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Theatre Trivia - Fly System
A fly system, flying system or theatrical rigging system, is a system of lines (e.g. ropes), blocks (pulleys), counterweights and related devices within a theatre that enable a stage crew to quickly, quietly and safely fly (hoist) components such as curtains, lights, scenery, stage effects and, sometimes, people (e.g. Peter Pan). 

Systems are typically designed to fly components between clear view of the audience and out of view, into the large opening, fly loft, above the stage.

Fly systems are often used in conjunction with other theatre systems, such as scenery wagons, stage lifts and stage turntables, to physically manipulate the mise-en-scène.

Theatrical rigging is most prevalent in proscenium theatres with stage houses designed specifically to handle the significant dead and live loads associated with fly systems. Building, occupational safety, and fire codes limit the types and quantity of rigging permitted in a theatre based on stage configuration. 

Theatrical rigging standards are developed and maintained by organizations such as USITT and ESTA (now PLASA).

The line set is the fundamental machine of a typical fly system.

The function of a typical line set is to fly (raise and lower) a slender beam (typically a steel pipe) known as a batten by hoisting it with lift lines (typically synthetic rope or steel cable).

By hanging scenery, lighting, or other equipment to a batten, they in turn may also be flown.

A batten is said to be "flying in" when it is being lowered toward the stage, and "flying out" when it is being raised into the fly space.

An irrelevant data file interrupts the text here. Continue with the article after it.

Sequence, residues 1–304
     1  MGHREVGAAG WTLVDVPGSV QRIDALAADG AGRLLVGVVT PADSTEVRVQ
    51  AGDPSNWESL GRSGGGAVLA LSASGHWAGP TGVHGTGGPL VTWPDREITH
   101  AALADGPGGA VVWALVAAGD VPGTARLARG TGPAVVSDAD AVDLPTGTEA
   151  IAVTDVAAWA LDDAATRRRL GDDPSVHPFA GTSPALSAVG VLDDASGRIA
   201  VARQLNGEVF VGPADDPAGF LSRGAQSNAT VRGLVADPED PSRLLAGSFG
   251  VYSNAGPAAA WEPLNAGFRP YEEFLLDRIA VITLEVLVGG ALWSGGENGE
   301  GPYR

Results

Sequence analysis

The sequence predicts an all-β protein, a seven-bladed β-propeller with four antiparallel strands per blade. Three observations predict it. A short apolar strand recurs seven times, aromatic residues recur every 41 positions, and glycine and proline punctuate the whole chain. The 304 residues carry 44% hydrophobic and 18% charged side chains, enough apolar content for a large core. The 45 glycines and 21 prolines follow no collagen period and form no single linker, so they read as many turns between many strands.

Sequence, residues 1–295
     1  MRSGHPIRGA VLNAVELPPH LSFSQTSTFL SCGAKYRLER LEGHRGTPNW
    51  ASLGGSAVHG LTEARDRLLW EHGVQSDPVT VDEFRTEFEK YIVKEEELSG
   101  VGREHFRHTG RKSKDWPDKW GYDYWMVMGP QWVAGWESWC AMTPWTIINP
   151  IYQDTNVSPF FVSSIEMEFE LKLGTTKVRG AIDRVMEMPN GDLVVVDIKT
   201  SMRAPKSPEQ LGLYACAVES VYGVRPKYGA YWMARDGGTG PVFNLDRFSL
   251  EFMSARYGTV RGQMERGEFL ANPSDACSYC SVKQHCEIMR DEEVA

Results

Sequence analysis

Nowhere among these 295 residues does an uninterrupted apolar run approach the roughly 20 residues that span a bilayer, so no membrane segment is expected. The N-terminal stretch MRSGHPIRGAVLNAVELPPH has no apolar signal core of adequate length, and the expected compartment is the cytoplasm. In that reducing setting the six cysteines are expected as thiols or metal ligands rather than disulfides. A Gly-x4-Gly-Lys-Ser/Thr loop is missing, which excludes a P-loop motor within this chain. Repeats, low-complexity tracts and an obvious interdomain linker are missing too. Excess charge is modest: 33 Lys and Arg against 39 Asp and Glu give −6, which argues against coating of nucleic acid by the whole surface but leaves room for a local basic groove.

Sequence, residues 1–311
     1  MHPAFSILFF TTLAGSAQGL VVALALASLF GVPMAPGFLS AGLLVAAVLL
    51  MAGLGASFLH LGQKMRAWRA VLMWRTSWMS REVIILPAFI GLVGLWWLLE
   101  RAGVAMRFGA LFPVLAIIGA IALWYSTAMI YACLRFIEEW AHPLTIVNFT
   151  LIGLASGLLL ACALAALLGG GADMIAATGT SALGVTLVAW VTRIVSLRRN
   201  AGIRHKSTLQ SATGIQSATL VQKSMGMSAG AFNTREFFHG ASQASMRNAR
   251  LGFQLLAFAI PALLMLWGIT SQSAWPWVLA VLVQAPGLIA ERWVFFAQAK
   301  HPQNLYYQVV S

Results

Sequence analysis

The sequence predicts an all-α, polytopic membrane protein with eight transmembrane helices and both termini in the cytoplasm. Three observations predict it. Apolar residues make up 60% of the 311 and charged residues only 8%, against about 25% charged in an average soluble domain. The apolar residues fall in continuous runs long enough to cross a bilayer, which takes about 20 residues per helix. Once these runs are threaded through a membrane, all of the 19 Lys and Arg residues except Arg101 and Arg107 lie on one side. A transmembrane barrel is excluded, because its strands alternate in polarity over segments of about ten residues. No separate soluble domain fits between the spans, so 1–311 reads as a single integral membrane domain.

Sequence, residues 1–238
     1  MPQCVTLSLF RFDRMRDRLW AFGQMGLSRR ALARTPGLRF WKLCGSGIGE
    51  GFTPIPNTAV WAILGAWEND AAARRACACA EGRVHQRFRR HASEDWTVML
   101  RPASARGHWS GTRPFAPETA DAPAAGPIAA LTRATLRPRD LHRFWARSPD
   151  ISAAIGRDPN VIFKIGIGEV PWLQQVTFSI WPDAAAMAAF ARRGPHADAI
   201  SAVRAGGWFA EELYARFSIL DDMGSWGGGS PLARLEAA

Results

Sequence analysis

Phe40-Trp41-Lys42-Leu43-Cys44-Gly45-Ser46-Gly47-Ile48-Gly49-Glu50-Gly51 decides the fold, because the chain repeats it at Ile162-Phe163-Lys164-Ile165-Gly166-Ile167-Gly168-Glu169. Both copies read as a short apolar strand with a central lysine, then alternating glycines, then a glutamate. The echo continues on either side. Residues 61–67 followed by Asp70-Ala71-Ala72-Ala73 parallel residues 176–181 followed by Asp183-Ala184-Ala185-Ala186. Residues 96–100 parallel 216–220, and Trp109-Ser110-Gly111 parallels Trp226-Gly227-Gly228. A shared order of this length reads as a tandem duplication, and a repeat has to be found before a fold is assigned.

Battens may be just a few feet in length or may extend from one wing (side) of the stage to the other. A batten is suspended from above by at least two lift lines, but long battens may require six or more lift lines.

In manual rigging, a line set’s lift lines support weights opposite their connections to the batten in order to balance the gravity load of the batten and whatever it carries.
The lift lines are reeved through a series of pulleys, known as blocks, that are mounted above the stage to fly loft structure.

An operating line (a.k.a. hand line or purchase line) allows riggers on the fly crew to raise and lower the batten.

Automated rigging sometimes uses weights to help balance line set loads in a manner similar to manual counterweight rigging. Otherwise it relies solely on the motor power of an electric hoist to fly a line set.

Line sets are typically general purpose in function, meaning they can perform any number of functions which vary depending upon the requirements of a particular theatre production. For example, a general purpose line set can usually be quickly transformed into a drapery or scenery line set, but converting a general purpose line set into an electrical line set is more involved.

When a line set has a predetermined, relatively permanent, function it is known as a dedicated line set.

Flying rigs are used to fly scenery or performers in a more elaborate fashion than typical line sets.